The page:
HK’s US$160m milk powder market to face severe clamp down

HK’s US$160m milk powder market to face severe clamp down

Staff Reporter


Hong Kong will no longer be a safe haven for the baby formula buying craze of mainland Chinese customers. Starting as early as March 1, Hong Kong will limit the amount of baby formula taken from the island city to two tins per person or 1.8kg, following a string of measures proposed in early February to ease milk powder shortages, Guangzhou-based 21st Century Business Herald reports.

Any violator can be fined for a maximum HK$500,000 (US$64,000) and up to two years in prison, the report said.

There has been a severe shortage of some popular brands of baby formula in the Hong Kong retail market recently due to surging demand from mainland parents disillusioned by scandals over the quality of domestically produced powder.

Dairy expert Wang Dingmian estimated that the milk powder trade from Hong Kong totals more than 1 billion yuan (US$160 million) a year, the report said.

After the announcement, prices of Hong Kong’s baby formula on Taobao — one of China’s leading e-commerce websites — increased by 10 to 20 yuan (US$1.60 – $3.20) a can, according to a Taobao agent.

As of March 1, 95% of milk powder purchasing agents will withdraw from the Hong Kong market, she said.

The Hong Kong government also recently forbade persons aged below 16 to take baby formula out of the city, the report said.

Various sources showed that prices of Hong Kong’s baby formula increased around 10% before the purchasing restrictions, because this will increase the operation costs of purchasing agents, the report said.

The milk powder raid on Hong Kong began when formula tainted with melanine swept the country in 2008, making people paranoid about the label Made in China on their food. They have since sought out imported goods or left the country entirely to make their purchases.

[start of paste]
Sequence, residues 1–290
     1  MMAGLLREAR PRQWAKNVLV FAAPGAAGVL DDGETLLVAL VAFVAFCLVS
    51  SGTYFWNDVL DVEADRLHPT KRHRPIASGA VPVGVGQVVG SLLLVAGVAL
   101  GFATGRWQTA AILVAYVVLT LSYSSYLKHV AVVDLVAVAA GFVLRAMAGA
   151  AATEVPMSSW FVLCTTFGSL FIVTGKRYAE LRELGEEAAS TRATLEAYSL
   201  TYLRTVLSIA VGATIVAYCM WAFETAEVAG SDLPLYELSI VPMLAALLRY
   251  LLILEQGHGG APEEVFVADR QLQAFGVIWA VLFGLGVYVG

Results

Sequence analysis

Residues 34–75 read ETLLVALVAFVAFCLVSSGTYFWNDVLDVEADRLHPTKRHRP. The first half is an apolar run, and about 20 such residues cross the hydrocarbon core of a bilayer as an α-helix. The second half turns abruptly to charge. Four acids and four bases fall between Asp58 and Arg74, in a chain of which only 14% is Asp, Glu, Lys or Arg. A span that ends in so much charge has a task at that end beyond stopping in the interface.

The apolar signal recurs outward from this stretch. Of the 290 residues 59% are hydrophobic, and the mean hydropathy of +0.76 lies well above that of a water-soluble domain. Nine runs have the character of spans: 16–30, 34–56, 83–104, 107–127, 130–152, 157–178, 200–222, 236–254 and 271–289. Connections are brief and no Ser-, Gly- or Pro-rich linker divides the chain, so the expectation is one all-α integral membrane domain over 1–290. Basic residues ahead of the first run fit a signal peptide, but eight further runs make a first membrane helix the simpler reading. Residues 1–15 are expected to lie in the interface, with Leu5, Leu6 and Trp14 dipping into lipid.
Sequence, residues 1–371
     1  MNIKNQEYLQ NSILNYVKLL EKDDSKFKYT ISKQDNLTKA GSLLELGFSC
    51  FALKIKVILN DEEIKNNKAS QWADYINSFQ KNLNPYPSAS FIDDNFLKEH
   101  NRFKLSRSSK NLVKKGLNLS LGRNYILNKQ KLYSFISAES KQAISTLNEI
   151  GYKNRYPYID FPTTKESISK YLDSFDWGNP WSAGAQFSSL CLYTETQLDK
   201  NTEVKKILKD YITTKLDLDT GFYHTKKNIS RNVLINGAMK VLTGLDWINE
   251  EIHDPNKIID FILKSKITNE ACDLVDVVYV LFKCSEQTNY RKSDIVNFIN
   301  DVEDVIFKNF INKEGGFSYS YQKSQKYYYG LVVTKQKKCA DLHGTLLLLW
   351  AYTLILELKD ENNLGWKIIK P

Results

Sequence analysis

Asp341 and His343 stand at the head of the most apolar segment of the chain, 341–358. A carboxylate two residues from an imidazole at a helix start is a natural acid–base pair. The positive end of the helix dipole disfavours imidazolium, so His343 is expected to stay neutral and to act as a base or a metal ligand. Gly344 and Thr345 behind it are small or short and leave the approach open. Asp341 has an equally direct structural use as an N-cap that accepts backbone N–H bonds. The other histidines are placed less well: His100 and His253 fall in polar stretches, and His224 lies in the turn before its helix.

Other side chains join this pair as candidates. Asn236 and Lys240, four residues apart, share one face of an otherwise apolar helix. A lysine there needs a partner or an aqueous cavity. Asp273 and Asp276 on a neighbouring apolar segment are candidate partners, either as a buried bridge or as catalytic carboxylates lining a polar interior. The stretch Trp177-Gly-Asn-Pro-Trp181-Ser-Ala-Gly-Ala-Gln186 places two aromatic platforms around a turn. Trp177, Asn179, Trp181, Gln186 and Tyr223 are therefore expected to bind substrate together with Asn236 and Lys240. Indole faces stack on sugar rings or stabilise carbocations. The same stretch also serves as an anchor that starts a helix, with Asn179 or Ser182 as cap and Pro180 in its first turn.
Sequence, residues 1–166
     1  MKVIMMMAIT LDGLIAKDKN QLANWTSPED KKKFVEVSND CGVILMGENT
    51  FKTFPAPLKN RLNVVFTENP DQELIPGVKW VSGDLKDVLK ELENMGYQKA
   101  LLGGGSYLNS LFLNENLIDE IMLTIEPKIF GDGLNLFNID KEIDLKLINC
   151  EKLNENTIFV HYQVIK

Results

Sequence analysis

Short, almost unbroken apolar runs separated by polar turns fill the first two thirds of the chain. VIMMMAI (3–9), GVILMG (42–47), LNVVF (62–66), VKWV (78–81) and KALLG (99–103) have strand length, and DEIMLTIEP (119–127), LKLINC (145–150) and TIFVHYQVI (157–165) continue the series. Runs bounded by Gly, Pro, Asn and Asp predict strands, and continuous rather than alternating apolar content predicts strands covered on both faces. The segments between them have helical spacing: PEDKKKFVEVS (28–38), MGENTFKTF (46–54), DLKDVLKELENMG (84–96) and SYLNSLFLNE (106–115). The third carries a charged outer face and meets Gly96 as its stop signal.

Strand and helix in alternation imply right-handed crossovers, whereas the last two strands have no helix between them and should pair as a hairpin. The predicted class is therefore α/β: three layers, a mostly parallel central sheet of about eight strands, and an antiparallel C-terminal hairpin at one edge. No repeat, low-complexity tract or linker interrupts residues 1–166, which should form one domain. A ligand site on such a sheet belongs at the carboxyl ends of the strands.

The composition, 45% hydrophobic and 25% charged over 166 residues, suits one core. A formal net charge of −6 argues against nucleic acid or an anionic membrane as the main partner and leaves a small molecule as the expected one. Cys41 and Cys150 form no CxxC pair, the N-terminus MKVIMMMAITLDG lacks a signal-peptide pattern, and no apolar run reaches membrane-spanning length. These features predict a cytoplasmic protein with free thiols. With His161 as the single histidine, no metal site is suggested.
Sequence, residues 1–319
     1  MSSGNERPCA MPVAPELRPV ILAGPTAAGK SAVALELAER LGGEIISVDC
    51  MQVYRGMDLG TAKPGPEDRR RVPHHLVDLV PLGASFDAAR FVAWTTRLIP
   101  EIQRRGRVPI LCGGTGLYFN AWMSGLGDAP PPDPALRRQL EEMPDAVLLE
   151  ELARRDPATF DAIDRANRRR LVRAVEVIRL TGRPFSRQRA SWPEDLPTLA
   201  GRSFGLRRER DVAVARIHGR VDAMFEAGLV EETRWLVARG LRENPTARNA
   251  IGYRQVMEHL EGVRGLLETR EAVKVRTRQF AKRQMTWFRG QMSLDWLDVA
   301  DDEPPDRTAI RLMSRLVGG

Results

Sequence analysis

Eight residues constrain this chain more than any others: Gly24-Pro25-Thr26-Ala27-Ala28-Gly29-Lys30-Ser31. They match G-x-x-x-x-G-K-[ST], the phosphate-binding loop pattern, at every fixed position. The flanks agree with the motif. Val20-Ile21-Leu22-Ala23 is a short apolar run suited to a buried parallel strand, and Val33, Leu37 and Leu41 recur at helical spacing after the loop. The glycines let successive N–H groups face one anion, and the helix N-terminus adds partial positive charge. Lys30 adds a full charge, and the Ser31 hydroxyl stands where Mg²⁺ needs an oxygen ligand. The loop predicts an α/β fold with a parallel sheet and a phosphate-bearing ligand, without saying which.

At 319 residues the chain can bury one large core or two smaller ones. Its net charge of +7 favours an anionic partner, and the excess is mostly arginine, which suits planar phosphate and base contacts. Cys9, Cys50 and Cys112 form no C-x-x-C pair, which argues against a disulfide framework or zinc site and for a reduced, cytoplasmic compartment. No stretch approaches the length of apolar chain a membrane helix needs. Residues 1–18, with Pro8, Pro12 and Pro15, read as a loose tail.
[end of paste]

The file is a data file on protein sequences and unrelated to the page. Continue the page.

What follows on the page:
Many Chinese people cross the Hong Kong border to purchase daily necessities in Hong Kong, buying in bulk, especially baby formula. They then smuggle their goods back into the mainland China.

As most of these smugglers, each taking more than 30 cans of baby formula per day, easily avoided paying taxes, their selling prices back to the mainland are about 30 to 50 yuan (US$4.80 – $8.00) cheaper than the legally imported foreign products sold in China, the report said.

Since last year, several countries such as the United States, New Zealand, Australia and Germany have launched purchasing restrictions for baby formula aimed at Chinese consumers, the report said.

Related authorities should seriously face the problems and feel ashamed that Chinese consumers have no choice but to empty the shelves of milk powder in other countries for fear of buying in their own, Wang said.

About bambooinnovator
Kee Koon Boon (“KB”) is the co-founder and director of HERO Investment Management which provides specialized fund management and investment advisory services to the ARCHEA Asia HERO Innovators Fund (, the only Asian SMID-cap tech-focused fund in the industry. KB is an internationally featured investor rooted in the principles of value investing for over a decade as a fund manager and analyst in the Asian capital markets who started his career at a boutique hedge fund in Singapore where he was with the firm since 2002 and was also part of the core investment committee in significantly outperforming the index in the 10-year-plus-old flagship Asian fund. He was also the portfolio manager for Asia-Pacific equities at Korea’s largest mutual fund company. Prior to setting up the H.E.R.O. Innovators Fund, KB was the Chief Investment Officer & CEO of a Singapore Registered Fund Management Company (RFMC) where he is responsible for listed Asian equity investments. KB had taught accounting at the Singapore Management University (SMU) as a faculty member and also pioneered the 15-week course on Accounting Fraud in Asia as an official module at SMU. KB remains grateful and honored to be invited by Singapore’s financial regulator Monetary Authority of Singapore (MAS) to present to their top management team about implementing a world’s first fact-based forward-looking fraud detection framework to bring about benefits for the capital markets in Singapore and for the public and investment community. KB also served the community in sharing his insights in writing articles about value investing and corporate governance in the media that include Business Times, Straits Times, Jakarta Post, Manual of Ideas, Investopedia, TedXWallStreet. He had also presented in top investment, banking and finance conferences in America, Italy, Sydney, Cape Town, HK, China. He has trained CEOs, entrepreneurs, CFOs, management executives in business strategy & business model innovation in Singapore, HK and China.

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